Since January 2014, a funding shortfall has forced the World Food Programme (WFP) to cut food rations by 60 per cent in refugee camps in southern Chad. The reduction comes as thousands of refugees from Central African Republic (CAR) continue to arrive in the south - more than 14,000 of them since the beginning of 2014. Many arrive sick, malnourished and exhausted after walking for months in the bush with little food or water. They join some 90,000 other CAR refugees already in the south - some of them for years.

The earlier refugees have been able to gain some degree of self-reliance through agriculture or employment, thus making up for some of the food cuts. But the new arrivals, fleeing the latest round of violence in their homeland, are facing a much harsher reality. And many of them - particularly children - will struggle to survive because WFP has also been forced cut the supplemental feeding programmes used to treat people trying to recover from malnutrition.

WFP needs to raise US$ 186 million to maintain feeding programmes for refugees in Africa through the end of the year. Additionally, UNHCR is urgently seeking contributions towards the US$ 78 million it has budgeted this year for food security and nutrition programmes serving refugees in Africa.

Photojournalist Corentin Fohlen and UNHCR Public Information Officer Céline Schmitt visited CAR refugees in southern Chad to document their plight and how they're trying to cope.

New refugees from Central African Republic struggle with ration cuts in southern Chad

Food cuts in Chad camps expose refugee women and children to exploitation, abuse

A funding shortfall has forced the World Food Programme (WFP) to cut food rations in refugee camps in eastern Chad by up to 60 per cent. As a result, Sudanese refugees in 13 camps in the east now receive about 850 calories per day, down from the minimum ration of 2,100 calories daily they used to get. The refugees are finding it difficult to cope. Clinics in the area report a significant spike in malnutrition cases, with rates as high as 19.5 per cent in Am Nabak camp.

WFP needs to raise US$ 186 million to maintain feeding programmes for refugees in Africa through the end of the year. Additionally, UNHCR is urgently seeking contributions towards the US$ 78 million it has budgeted this year for food security and nutrition programmes serving refugees in Africa.

In the meantime, the refugees experiencing ration cuts have few options. Poor soil quality, dry conditions and little access to water mean they can't plant supplemental crops as refugees in the less arid south of Chad are able to do. To try to cope, many refugee women in eastern Chad are leaving the camps in search of work in surrounding towns. They clean houses, do laundry, fetch water and firewood and work as construction labourers. Even so, they earn very little and often depend on each other for support. In the town of Iriba, for example, some 50 refugee women sleep rough each night under a tree and share their some of their meagre earnings to pay for a daily, communal meal.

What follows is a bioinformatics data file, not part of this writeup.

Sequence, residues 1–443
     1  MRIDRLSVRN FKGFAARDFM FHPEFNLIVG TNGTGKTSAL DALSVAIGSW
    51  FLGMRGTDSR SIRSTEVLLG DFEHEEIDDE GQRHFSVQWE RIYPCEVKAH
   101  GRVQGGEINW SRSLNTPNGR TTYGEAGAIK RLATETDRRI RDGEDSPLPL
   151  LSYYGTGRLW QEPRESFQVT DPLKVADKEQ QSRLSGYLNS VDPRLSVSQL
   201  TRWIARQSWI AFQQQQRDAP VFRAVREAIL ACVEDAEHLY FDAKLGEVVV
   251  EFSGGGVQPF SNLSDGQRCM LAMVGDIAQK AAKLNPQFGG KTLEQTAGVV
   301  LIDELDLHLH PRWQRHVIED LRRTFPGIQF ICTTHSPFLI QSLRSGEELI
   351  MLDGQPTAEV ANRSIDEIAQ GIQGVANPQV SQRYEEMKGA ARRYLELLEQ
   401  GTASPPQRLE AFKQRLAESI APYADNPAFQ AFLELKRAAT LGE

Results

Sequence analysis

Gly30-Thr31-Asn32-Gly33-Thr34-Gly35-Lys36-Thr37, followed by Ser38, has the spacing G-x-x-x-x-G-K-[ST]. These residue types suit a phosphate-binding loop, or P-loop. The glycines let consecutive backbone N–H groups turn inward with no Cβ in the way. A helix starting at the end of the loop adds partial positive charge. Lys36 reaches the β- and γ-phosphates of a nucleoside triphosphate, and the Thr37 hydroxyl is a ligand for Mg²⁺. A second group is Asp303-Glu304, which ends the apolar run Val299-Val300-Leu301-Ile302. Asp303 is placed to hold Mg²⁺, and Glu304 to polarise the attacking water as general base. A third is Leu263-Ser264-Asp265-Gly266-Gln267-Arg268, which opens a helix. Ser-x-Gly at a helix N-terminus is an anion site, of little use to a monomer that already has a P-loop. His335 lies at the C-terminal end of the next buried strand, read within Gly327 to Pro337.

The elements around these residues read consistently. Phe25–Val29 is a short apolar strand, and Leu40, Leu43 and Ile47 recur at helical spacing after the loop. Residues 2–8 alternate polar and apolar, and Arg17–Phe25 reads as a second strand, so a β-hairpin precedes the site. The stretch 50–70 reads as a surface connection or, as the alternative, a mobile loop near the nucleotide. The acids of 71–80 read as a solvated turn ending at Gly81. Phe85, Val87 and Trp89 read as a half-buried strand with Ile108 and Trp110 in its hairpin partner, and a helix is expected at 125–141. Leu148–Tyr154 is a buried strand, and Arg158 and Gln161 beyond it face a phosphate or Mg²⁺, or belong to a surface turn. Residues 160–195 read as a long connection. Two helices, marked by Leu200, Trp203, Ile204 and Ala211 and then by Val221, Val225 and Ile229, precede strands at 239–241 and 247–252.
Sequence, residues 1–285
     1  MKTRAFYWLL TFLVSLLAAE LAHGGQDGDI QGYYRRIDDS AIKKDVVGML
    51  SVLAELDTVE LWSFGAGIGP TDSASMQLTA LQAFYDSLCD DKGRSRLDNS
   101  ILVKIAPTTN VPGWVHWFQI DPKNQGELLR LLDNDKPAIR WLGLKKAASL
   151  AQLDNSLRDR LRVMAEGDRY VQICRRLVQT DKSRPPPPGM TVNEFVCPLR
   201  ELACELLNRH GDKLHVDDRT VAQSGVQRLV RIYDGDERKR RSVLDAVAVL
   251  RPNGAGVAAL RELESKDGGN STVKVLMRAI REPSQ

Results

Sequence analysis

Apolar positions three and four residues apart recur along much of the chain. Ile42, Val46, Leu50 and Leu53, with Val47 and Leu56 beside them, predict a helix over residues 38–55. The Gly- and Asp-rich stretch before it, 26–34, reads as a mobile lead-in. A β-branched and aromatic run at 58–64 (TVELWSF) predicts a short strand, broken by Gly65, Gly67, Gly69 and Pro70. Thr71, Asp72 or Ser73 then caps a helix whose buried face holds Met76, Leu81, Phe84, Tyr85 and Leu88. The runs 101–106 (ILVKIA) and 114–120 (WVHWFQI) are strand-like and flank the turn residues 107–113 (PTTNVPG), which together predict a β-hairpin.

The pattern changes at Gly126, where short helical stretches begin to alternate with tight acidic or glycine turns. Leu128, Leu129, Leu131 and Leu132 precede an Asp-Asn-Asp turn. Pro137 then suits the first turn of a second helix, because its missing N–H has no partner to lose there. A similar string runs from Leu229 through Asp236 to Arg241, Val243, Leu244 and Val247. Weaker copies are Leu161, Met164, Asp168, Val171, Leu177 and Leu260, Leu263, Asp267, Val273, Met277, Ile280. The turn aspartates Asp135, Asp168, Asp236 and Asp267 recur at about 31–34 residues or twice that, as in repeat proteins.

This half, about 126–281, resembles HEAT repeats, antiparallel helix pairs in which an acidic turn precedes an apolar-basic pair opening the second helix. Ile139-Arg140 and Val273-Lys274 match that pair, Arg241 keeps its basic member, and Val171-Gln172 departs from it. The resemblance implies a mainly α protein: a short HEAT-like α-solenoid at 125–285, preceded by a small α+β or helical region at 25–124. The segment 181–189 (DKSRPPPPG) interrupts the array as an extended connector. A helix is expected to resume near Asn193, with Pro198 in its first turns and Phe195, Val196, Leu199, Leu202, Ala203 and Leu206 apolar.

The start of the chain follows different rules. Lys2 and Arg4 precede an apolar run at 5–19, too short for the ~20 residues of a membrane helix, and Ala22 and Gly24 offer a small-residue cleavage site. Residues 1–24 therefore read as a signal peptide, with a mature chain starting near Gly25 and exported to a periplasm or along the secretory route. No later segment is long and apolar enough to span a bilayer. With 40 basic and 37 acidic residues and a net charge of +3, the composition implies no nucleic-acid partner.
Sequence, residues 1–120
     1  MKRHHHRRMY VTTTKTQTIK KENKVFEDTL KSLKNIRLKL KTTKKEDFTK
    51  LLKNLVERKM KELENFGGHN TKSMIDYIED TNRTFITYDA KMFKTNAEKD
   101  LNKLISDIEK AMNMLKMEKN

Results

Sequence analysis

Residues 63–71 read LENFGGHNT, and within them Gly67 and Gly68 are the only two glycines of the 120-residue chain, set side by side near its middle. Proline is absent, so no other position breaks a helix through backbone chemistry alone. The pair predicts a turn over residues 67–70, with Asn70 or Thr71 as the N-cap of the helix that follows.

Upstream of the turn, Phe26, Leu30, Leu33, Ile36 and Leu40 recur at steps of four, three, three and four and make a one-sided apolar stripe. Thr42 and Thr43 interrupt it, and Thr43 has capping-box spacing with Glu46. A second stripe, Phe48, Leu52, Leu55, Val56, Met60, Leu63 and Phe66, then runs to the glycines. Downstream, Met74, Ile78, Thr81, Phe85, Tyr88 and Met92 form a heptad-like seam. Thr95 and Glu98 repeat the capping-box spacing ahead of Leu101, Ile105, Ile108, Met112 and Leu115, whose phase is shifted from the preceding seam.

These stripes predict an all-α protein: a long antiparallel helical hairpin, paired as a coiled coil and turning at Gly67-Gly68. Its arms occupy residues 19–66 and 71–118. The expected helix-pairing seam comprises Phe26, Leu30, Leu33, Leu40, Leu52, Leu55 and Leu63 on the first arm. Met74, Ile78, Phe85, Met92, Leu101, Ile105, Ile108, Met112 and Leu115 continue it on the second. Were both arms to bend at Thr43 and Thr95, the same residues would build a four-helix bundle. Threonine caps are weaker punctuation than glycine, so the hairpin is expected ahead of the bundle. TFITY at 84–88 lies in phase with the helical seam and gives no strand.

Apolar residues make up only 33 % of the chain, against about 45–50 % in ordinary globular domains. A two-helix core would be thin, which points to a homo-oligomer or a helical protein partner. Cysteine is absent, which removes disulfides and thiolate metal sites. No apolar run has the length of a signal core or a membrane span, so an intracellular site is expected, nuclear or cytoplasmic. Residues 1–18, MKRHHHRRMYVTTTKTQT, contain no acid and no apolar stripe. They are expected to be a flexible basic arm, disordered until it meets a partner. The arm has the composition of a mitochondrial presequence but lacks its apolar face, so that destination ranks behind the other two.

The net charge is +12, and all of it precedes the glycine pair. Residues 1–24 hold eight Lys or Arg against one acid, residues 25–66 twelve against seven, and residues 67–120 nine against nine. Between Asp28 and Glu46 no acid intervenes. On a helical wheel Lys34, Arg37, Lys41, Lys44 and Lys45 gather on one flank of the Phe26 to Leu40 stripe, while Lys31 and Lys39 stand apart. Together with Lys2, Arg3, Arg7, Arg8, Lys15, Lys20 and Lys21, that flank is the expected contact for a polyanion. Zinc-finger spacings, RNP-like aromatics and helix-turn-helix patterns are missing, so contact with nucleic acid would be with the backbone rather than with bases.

They are also subject to exploitation. Sometimes, their temporary employers refuse to pay them at the end of the day. And some women and girls have resorted to prostitution to earn money to feed their families.

Ration cuts can have an impact far beyond health, reverberating through the entire community. It is not uncommon for children to be pulled out of school on market days in order to work. Many refugees use a portion of their food rations to barter for other essentials, or to get cash to pay school fees or buy supplies for their children. Small business owners like butchers, hairdressers and tailors - some of them refugees - also feel the pinch.

WFP supplies food to some 240,500 Sudanese refugees in the camps of eastern Chad. Many have been in exile for years and, because of their limited opportunities for self-sufficiency, remain almost totally dependent on outside help. The ration cuts have made an already difficult situation much worse for refugees who were already struggling.

Food cuts in Chad camps expose refugee women and children to exploitation, abuse

Joint Appeal: Help Needed for Central African RefugeesPlay video

Joint Appeal: Help Needed for Central African Refugees

The UN refugee agency and its partners appealed for more donor support to cope with the continuing outflow and deteriorating condition of refugees from the Central African Republic.
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Canada: Light Years Ahead

With help from the Government of Canada, lives of refugees in Chad and Ethiopia have been transformed through the Light Years Ahead project.
UNHCR's Dr. Paul Spiegel on the Border of CAR  and CameroonPlay video

UNHCR's Dr. Paul Spiegel on the Border of CAR and Cameroon

This video was shot by one of our staff* using a mobile phone as they helped refugees who had crossed the river to safety.